Tycoon to give Meek run for his money for Florida Senate nod

Real estate tycoon Jeff Greene plans to use his personal fortune to help fund his bid for Florida’s Senate seat, which could drain resources from the eventual Democratic nominee.

“I have no budget whatsoever,” Greene told The Hill. “I’m going to do whatever it takes to get my message out to the people of Florida.”

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Greene, who announced his candidacy April 30, is running for the Democratic nomination against Rep. Kendrick Meek (D-Fla.).

The four-term congressman was expected to coast through the primary and into what’s now a three-way race against Republican Marco Rubio and Gov. Charlie Crist, who’s running as an Independent. Instead, he is facing off against Greene in what may prove to be a tough campaign for the Democratic nod.

In terms of fundraising, Greene said he won’t take “one penny of special interest money, lobbyist money, PAC money” for his campaign. “Not in the primary, not in the general election and not after I go to Washington,” he said. He said he would accept $100 contributions. “That’s going to be the limit.”

Greene is one of the 400 richest people in the country with an estimated net worth close to $1.4 billion, according to Forbes magazine.

But money only goes so far in politics. While Greene has retained the services of some famous consultants, including Joe Trippi, he has been unable to secure senior campaign staff, despite offering $50,000 a month to prospective candidates, according to the New York Times.

The Greene camp disputes the paper's report.

"It's simply not true," said Paul Blank, a spokesman for Greene. "Someone requested that amount but it was rejected."

Still, Greene plans to open a headquarters in Palm Beach and said he will have a robust campaign apparatus.

He is positioning himself as the pragmatic outsider running against three “career politicians.”

“I think [Rubio, Crist and Meek] have a lot in common, these three guys, in that they’re all career politicians who are responsible for the failures we’ve had in Washington and Tallahassee,” he said.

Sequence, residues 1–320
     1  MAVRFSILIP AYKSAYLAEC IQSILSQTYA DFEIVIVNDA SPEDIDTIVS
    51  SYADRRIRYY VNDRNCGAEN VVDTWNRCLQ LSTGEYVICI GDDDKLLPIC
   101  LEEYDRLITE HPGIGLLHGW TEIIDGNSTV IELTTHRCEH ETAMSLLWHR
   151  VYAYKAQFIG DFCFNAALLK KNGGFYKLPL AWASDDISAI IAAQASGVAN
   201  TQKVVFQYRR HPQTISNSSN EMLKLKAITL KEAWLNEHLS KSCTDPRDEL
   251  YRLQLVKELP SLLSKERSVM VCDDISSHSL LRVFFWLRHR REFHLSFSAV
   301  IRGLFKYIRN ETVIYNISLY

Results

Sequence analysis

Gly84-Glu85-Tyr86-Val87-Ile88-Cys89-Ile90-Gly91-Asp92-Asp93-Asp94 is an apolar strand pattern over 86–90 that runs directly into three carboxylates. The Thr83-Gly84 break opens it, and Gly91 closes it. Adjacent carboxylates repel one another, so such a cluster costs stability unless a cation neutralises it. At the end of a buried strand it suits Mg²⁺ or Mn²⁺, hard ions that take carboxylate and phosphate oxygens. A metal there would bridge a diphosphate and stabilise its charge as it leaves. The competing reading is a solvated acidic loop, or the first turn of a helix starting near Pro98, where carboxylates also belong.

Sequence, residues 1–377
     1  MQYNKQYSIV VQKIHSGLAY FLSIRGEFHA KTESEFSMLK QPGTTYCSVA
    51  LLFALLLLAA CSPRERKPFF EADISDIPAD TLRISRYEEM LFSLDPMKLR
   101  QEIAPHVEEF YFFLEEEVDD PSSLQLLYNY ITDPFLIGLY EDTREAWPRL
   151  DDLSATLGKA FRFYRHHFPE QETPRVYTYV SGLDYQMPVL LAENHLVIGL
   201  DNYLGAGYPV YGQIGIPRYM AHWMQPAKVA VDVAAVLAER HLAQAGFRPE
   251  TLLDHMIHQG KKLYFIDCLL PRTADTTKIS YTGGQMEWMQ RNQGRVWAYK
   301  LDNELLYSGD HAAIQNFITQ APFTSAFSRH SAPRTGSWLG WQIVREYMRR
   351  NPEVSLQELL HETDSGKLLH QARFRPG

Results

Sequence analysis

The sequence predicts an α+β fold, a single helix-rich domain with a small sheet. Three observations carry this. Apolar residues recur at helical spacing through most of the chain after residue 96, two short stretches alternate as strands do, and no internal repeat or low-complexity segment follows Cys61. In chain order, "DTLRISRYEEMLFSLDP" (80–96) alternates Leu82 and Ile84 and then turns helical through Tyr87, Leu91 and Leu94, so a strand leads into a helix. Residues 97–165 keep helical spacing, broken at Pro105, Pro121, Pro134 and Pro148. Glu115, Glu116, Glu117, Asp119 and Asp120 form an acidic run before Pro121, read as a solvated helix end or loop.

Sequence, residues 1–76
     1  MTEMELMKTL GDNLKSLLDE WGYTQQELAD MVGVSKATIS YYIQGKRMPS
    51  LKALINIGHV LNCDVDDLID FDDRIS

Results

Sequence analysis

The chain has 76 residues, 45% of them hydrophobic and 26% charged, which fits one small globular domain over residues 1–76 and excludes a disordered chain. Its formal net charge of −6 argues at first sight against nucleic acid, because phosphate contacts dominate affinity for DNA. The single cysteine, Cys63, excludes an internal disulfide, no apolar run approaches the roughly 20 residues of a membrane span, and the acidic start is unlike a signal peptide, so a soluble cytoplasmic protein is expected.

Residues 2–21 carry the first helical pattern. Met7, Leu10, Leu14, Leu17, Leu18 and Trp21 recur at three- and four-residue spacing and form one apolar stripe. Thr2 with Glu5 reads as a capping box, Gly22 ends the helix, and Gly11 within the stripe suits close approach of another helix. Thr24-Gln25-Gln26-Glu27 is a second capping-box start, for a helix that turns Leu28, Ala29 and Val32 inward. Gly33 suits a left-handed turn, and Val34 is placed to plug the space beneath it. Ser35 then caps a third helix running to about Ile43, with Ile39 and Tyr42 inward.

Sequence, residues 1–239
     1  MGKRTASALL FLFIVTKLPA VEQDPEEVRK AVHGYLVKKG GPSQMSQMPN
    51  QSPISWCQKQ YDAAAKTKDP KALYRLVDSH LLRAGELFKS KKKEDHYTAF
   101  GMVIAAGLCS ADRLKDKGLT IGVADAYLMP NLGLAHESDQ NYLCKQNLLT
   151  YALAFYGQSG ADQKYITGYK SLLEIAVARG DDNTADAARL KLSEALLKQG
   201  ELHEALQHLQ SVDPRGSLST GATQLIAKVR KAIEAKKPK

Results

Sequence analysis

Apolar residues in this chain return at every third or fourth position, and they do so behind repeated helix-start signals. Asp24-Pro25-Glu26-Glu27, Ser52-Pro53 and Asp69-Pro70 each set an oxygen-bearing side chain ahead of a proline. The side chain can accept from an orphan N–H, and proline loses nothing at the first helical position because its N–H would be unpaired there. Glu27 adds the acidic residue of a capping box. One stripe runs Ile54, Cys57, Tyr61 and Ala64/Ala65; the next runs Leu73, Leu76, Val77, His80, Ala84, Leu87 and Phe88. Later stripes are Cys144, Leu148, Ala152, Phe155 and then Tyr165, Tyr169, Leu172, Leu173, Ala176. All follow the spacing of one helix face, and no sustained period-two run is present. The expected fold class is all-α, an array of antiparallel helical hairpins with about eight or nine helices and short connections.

Greene said he’s prepared for a rough campaign.

“I’ve had hundreds of attacks and it’s only a week today that I’ve been in this race,” he said recently.

The Meek campaign said last week that Greene is “a pioneer of Wall Street greed” because he bet “against the American economy, and enriching himself on the backs of middle-class Floridians.”

The Meek camp also pointed out that Greene owns 10 homes, including several in California. The subject line of the press release was “Jeff Greene: Billionaire ‘Meltdown Mogul’ and owner of many homes.”

Greene made hundreds of millions of dollars investing in credit default swaps that increased in value as the housing market crashed.

In an interview, Greene argued that his business acumen will be an asset in the Senate race. “I’m the only guy in this race who’s signed the front of a paycheck and not just the back of a paycheck,” he said.

But there’s also the issue of Greene’s famous -- or in some cases infamous -- friends, which include Mike Tyson and Hollywood madam Heidi Fleiss. “Mike Tyson I’ve known for many years, but this race isn’t about who my friends were; this race is about the future of Florida, that’s why I’m running,” he said.

Greene may also get attacked for being a carpetbagger of sorts. He spent part of his youth in the Sunshine State, but he still has a Massachusetts accent and a 2008 profile in Forbes referred to him as a “Los Angeles real estate mogul.” It won’t help that he made a short-lived bid for a California House seat as a Republican.

Greene now calls himself an “independent Democrat,” and disavows the “one year” he spent in the GOP.

“For one year of my long, 55-year-old life I did become a Republican, right after I got out of Harvard Business School,” he said. “I’ve been a Democrat my whole life. I’m a Democrat through and through.”

Observers are waiting to see how this primary plays out.

“Meek is well liked and is a known commodity in the Democratic base, though when you have a guy with an unlimited checkbook, you can't take anything for granted,” said Steven Schale, a Florida-based Democratic consultant.